What will it take to transform the food system we have in the United States today—with all its misaligned priorities, junk food, and diet-related diseases—into a healthier one for all Americans? That’s the subject of “Science, Democracy, and a Healthy Food Policy,” which UCS will co-host with the University of Minnesota’s School of Public Health in Minneapolis on May 6-7.
We’re delighted to be convening this event—the latest in our Lewis M. Branscomb Science and Democracy Forum series—in Minnesota, a state at the epicenter of food and farming concerns, and one in which creative, passionate people and organizations are innovating in ways that may serve as models for the rest of the country.
Healthy food access: It’s complicated
In particular, I see a great deal of work being done in the North Star State to improve affordable access to healthy foods.
This is a thorny issue. While healthy foods aren’t necessarily always more expensive than junk food, a recent meta-analysis by researchers at the Harvard School of Public Health showed that on average, the healthiest diets cost about $1.50 more per day than the least healthy ones. That can be prohibitive for low-income families.
And the comparison assumes that people have equal physical access to those more expensive healthy foods, but for many that’s not the case. The U.S. Department of Agriculture’s Economic Research Service estimates that 23.5 million Americans live in areas lacking access to fresh foods. More than half of those people are low-income, and some 2.3 million of them lack access to a vehicle. Furthermore, many Americans lack basic fresh food preparation skills and equipment, further limiting their ability to make healthy choices.
Of course, there are good reasons why foods like fruits and vegetables are more expensive than unhealthy processed foods. That mostly has to do with the food and farm policy choices our lawmakers have made in recent decades. Different policy choices could reverse the situation, making healthy foods more plentiful, accessible, and affordable than junk food. As a nation, we made a little progress toward that end in the most recent federal farm bill. But we still have a long way to go.
Which brings us to the question we’ve invited experts and advocates to wrestle with next month in Minneapolis:
What policy approaches, based on scientific evidence from fields such as public health, economics, sociology and others, are needed to create a healthy food environment?
Improving healthy food access for all Minnesotans
In the meantime, it’s worth noting that our host state of Minnesota seems to be ahead of the curve in work on the ground to improve access to healthy foods. Here are just a few of the great examples we’ve been hearing about:
- Like hundreds of farmers markets across the country, the Saint Paul Downtown Farmers Market has taken steps to ensure that low-income residents have a variety of payment options. The market accepts Supplemental Nutrition Assistance Program (SNAP) benefits electronically. Several Saint Paul Farmers’ Markets also accept WIC (Women, Infants, and Children) fruit and vegetable vouchers.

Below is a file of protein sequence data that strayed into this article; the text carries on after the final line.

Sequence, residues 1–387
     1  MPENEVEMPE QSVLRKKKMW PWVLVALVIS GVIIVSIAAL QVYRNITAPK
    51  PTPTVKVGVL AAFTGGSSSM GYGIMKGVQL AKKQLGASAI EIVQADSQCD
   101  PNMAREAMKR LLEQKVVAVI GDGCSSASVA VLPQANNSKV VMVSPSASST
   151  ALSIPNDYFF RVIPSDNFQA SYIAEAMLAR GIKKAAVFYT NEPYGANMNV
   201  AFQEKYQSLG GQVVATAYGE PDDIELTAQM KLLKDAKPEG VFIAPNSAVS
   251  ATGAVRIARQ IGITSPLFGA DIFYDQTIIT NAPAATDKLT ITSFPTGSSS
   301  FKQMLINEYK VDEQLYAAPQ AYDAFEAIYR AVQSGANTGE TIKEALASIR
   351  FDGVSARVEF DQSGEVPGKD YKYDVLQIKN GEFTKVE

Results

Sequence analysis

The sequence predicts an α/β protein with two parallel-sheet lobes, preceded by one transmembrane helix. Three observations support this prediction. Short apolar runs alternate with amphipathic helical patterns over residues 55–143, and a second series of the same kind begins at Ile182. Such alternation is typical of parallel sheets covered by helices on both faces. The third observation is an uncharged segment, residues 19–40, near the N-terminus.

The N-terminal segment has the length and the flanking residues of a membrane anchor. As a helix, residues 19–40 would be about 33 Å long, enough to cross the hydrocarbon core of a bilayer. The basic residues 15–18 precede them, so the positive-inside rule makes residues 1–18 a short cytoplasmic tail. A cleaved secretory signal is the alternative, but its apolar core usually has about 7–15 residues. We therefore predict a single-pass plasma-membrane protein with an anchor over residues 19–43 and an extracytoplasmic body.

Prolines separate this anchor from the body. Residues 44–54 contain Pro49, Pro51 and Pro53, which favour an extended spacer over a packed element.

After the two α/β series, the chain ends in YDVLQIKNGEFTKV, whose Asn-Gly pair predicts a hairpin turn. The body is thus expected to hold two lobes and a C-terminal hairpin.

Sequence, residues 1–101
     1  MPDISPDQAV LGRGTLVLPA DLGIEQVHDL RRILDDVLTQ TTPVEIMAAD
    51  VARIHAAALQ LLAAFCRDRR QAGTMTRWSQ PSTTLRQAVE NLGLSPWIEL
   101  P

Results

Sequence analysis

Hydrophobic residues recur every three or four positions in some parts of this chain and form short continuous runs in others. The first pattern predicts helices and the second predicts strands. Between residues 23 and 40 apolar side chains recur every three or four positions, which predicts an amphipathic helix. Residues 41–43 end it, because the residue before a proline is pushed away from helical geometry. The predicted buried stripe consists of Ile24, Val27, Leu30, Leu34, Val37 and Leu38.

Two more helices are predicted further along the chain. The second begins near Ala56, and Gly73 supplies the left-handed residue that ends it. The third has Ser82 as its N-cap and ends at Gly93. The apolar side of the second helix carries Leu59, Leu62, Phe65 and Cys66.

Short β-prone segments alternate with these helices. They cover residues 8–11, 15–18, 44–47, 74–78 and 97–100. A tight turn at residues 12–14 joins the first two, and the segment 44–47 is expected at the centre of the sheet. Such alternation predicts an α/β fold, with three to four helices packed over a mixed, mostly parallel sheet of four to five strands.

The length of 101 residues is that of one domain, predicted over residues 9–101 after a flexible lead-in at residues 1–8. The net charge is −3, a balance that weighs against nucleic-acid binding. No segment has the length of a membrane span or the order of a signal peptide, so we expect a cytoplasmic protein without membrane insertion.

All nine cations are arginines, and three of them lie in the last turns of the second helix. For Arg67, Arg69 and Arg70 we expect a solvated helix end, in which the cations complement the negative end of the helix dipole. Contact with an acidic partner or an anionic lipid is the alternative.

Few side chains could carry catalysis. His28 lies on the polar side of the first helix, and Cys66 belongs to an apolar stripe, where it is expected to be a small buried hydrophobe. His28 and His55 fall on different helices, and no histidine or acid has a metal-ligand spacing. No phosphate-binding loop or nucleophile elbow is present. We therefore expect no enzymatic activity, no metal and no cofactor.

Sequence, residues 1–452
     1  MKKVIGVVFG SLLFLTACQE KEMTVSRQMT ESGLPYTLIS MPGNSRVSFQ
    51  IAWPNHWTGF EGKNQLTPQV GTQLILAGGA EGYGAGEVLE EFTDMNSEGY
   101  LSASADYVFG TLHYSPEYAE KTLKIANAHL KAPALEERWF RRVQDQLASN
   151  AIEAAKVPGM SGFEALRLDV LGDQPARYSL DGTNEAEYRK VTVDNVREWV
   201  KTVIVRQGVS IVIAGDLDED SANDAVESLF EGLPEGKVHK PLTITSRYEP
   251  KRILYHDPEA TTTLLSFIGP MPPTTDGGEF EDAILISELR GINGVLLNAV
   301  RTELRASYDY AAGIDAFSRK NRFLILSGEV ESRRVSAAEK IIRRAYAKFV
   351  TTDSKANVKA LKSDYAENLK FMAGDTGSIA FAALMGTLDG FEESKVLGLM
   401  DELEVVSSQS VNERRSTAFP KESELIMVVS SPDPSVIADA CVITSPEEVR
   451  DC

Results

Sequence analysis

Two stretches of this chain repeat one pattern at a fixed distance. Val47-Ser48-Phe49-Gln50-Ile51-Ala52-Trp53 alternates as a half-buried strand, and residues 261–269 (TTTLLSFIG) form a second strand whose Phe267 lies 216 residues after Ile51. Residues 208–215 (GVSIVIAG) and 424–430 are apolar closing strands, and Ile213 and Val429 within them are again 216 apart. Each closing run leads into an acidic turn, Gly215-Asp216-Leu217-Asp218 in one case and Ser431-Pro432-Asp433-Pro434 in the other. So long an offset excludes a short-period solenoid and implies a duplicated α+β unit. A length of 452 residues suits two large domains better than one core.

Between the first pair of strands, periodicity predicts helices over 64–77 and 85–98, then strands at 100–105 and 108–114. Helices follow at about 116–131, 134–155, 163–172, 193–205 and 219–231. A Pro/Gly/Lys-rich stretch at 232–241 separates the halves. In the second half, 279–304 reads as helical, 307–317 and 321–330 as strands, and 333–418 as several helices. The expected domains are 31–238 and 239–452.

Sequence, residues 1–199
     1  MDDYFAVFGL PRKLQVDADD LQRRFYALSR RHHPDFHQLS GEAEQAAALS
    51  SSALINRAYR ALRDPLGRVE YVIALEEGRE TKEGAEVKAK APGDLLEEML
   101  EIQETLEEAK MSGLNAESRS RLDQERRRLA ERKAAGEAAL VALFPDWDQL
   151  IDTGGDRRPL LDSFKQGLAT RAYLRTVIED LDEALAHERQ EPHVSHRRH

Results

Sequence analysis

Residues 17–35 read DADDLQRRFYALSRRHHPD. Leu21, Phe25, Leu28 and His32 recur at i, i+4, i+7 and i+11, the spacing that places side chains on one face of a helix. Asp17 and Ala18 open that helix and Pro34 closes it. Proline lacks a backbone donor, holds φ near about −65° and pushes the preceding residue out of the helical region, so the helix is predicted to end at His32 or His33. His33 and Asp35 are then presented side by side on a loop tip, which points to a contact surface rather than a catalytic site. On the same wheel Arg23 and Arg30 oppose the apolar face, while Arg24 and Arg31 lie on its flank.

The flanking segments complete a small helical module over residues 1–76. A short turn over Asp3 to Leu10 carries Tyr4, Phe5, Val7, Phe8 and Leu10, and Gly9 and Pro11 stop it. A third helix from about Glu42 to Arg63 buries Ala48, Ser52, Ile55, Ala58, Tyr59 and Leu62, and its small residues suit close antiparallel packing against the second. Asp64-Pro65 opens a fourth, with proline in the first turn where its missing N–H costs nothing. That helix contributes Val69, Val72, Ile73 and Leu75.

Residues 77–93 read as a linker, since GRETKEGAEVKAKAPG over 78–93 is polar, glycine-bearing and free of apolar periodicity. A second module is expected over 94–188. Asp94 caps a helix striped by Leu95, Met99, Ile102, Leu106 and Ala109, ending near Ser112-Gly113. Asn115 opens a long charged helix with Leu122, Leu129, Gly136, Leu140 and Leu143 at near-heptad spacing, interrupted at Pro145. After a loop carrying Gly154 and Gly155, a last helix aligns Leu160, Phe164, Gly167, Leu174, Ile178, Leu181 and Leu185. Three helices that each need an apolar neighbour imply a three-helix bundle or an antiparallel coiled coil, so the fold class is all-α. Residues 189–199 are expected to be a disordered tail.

- Also in Saint Paul, the public schools have joined 33 other school districts in a national partnership called School Food FOCUS (Food Options for Children in Urban Schools), which is working to transform school lunches to support students’ academic achievement and lifelong health while also supporting nearby farming communities. The Saint Paul Public Schools are purchasing hundreds of thousands of pounds of local produce, making salad dressings from scratch, and pioneering healthy lunch recipes to meet new standards ahead of schedule.
- Across the river in Minneapolis, the folks at Gardening Matters are helping connect local residents with garden plots and training resources. Next month, they expect to distribute more than 30,000 seedlings and 25,000 seed packets to support local residents in growing their own food.
- The Twin Cities’ Youth Farm offers year-round programs for youth ages 9 to 24, planting gardens, training future urban farmers, and providing food to five diverse neighborhoods through a CSA and community dinners.
- In Hugo, MN, Dream of Wild Health (Peta Wakan Tipi) is a 10-acre Native-operated farm that keeps Native American traditions and rare heirloom plant species alive, providing educational programs for youth and families and supplying organic vegetables to Twin Cities’ farmers markets, local food pantries, and elder centers.
- The Minnesota Project in Saint Paul is working on all aspects of sustainability, including a number of food projects. Their “Fruits of the City” program harvested 127,000 pounds of surplus fruit from local orchards and urban backyards in 2013, donating the bounty to more than 30 food shelves.
- Our partners at the University of Minnesota are also doing their part. Since 2009, the University’s Extension service has partnered with Share our Strength to offer “Cooking Matters,” a program that empowers Minnesota families at risk of hunger with the skills, knowledge and confidence to make healthy, delicious and affordable meals. And for students at the university, there’s even a one-credit class called Cooking on a Student’s Budget that aims to give students the basic skills to kick the ramen and pizza habit and instead fuel their studies with healthy and affordable home-cooked meals.
Join UCS for “Science, Democracy, and a Healthy Food Policy”
I’m excited about traveling to Minnesota in a couple of weeks and taking up these issues with experts, advocates, and concerned citizens from around the state and across the country. I hope you’ll join me there May 6, in person or via webcast, for our public forum.